Discerning the virtue — where this is to be found — in ways of life of other peoples would similarly enliven, I believe, “the spark of friendship for human kind” within us (EM 271). The earnest cosmopolitan comparison needed to meet the demands of Hume’s ethics can thus result — and I suspect would most often result[22] — in feelings of benevolence towards other peoples. Benevolence comes in degrees, of course. One might have more regard towards cultures whose practices she sees worthy of adopting (benevolence in this case being strengthened by gratitude), less with those she believes should methodize and correct in the direction of her own practices. The quality of the sentiment itself, though, depends little on the practical conclusions one draws; benevolence is a common upshot of the very project of sympathizing with the practices of another people.[23]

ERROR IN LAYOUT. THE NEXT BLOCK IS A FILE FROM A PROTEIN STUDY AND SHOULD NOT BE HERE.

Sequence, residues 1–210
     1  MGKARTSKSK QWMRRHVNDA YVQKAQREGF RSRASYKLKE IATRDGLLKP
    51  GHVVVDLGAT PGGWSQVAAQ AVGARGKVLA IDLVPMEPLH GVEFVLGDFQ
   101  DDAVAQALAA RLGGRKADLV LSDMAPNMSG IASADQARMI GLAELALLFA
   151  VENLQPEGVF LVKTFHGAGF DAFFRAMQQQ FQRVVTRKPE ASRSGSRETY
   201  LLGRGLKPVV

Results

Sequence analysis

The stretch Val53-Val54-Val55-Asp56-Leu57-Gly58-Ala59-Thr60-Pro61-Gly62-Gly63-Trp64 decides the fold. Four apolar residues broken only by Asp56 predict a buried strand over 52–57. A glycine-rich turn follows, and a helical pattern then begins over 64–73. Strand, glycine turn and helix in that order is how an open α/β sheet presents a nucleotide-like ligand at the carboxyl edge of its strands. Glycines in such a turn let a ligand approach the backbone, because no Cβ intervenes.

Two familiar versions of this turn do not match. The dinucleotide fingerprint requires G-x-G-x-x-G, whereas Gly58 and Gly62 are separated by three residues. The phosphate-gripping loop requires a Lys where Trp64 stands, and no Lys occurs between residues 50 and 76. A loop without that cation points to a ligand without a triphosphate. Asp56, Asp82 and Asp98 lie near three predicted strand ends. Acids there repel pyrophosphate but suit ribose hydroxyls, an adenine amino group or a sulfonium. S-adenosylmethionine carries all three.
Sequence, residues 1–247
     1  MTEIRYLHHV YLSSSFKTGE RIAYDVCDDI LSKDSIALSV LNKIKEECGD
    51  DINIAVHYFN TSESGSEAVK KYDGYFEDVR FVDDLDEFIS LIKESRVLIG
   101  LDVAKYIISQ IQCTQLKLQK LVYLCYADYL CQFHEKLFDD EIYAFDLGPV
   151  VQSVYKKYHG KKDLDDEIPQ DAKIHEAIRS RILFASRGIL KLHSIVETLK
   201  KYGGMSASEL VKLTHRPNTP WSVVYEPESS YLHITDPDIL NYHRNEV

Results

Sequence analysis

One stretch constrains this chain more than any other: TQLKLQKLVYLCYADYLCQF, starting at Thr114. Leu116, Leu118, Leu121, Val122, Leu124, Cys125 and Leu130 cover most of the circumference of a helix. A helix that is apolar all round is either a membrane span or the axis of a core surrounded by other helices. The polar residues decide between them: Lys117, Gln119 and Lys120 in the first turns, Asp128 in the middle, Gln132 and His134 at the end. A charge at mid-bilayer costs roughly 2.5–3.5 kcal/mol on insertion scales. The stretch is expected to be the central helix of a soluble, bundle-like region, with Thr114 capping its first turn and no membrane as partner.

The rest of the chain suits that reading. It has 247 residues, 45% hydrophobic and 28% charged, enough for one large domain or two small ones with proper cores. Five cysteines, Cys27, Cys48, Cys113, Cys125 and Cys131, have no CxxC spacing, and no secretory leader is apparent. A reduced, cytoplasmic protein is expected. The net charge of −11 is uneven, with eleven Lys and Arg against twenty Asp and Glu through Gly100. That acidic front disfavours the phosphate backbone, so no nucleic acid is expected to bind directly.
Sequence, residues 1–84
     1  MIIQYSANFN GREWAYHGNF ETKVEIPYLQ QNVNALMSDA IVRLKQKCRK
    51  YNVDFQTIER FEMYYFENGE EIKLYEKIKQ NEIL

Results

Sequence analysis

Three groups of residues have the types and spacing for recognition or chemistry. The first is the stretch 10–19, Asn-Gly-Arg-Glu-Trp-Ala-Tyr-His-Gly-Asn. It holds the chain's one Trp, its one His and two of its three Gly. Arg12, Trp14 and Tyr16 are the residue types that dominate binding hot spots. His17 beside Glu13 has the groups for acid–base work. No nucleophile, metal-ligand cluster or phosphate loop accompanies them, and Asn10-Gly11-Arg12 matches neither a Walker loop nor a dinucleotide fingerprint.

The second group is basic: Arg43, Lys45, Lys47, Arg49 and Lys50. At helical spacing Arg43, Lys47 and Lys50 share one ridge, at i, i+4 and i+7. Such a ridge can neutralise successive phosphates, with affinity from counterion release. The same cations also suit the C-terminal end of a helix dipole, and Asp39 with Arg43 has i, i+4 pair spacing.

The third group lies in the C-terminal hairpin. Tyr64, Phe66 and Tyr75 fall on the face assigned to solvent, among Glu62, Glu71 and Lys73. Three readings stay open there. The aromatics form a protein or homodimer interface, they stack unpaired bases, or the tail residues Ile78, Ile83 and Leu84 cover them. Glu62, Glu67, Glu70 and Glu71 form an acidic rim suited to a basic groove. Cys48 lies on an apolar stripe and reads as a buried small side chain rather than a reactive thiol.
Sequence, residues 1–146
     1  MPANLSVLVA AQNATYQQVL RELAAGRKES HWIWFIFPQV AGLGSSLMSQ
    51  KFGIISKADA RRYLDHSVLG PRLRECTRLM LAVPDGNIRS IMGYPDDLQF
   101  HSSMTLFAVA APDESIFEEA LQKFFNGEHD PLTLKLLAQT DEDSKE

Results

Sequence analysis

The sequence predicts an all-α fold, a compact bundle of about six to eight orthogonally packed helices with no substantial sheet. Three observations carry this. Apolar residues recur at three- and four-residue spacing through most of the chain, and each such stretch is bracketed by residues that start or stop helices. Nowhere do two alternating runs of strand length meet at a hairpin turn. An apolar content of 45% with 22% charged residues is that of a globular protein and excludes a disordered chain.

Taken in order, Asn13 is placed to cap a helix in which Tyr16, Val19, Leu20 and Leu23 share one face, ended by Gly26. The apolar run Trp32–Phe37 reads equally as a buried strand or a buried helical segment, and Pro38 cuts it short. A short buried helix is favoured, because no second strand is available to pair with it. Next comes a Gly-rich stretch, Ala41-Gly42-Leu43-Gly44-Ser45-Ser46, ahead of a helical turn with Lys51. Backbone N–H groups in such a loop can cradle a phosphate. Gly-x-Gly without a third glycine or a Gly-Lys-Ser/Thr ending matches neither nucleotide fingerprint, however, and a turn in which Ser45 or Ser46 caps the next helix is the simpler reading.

I am now in position to explain my contention that Hume’s cosmopolitanism engenders duties to non-compatriots in a way not captured by the commercial approach. The commercial approach can locate artificial duties to non-compatriots based on the feelings of moral approbation that come to attach to the artifices of just international trade. In my account of Humean cosmopolitanism, feelings of moral obligation arise naturally from our feelings of benevolence. Hume’s remark on our natural sense of duty bears repeating: “[o]ur sense of duty always follows the common and natural course of our passions” (T 484). This should not be taken to mean that duty comes with any passion; passion is a necessary, not a sufficient, condition for duty.[24] The other necessary condition is this: one would disapprove of oneself for not performing an action (approve of oneself for performing it) from the general point of view.[25] Both conditions are met in Hume’s cosmopolitanism. I have already addressed the origin of benevolence and the narrow circle sympathy at the heart of Hume’s cosmopolitanism is the very mechanism for establishing the “general, inalterable standards” for moral action (T 603).[26] It thus stands to reason that at least some duties will arise in concert with cosmopolitan practice. Such obligations will not outstrip those towards her more immediate associates with whom she sympathizes more, but this is not because the former is artificial, the latter natural. Moreover, since the duties to non-compatriots I am identifying follow the natural course of her passions, they are more likely to influence her conduct than obligations arising from the general point of view, which often fails to correct our sentiments amidst “stubborn and inalterable” passions (T 582).